Last Stop

Long before the train huffs into the station, before

the windows swim with gray pecks of birds and blue

smoke from the end of dying cigarettes, I wonder

 

what I might say to keep the music going or even if

it’s worth the effort to shake the tree and make

a final apple fall between the two of us, a last resort

 

to gather the dry stems of something once crisp

and young and weave them into – what? –

a basket or a backstop or any damn thing. Or maybe

 

just call a last hurrah, have a drink and be done

with it, a cod standing on its last legs like a dog

that hasn’t been fed a decent meal in over

 

a month, now riddled with fleas, fur matted with

burrs, mud, unanswered texts and calls, drinking

from puddles muddy with hope. Spit on it.

 

Nice guys finish last and nice girls just sit

beside the phone until it rings. An old story.

I think about the sequence of events, hear

 

the names of the stations called as I near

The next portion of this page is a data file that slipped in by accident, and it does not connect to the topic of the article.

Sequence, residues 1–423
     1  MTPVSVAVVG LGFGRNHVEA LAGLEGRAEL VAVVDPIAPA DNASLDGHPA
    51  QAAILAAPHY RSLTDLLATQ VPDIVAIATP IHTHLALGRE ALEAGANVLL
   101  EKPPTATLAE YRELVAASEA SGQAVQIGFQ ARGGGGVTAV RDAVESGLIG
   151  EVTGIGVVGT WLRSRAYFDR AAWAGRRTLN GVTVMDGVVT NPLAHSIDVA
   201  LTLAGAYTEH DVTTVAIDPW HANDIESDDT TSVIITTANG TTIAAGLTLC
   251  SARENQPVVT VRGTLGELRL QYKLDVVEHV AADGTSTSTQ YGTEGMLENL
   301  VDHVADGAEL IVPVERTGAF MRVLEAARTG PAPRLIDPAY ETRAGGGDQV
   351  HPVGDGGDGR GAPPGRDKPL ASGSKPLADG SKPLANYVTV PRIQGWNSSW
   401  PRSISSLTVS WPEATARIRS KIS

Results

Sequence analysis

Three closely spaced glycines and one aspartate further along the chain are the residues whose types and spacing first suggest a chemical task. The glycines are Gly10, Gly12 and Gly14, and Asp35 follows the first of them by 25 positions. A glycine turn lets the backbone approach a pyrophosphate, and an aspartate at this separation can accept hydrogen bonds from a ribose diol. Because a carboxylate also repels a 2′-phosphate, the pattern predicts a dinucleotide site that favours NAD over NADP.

the last one, the last laugh, where I may (or may

not) make one last ditch effort to entrance you

 

forever, to fill you in on every last detail of what

is wrong with my life without you, of what a stupid

shit you are for moving to this god forsaken

 

twin bed without even an extra pillow. I stand

on the shivering floor, reach up to extract one

small carry on, keep my feet in the lurch

 

and last gasp of the train and the cry

of the conductor as he hawks out the name

of the final station and I step cautiously

 

along behind the row of other numbed

travelers, my brain primed at the last minute

to bark, to shriek, to wail.

 

Published in:

Off the Coast, Summer 2015

 

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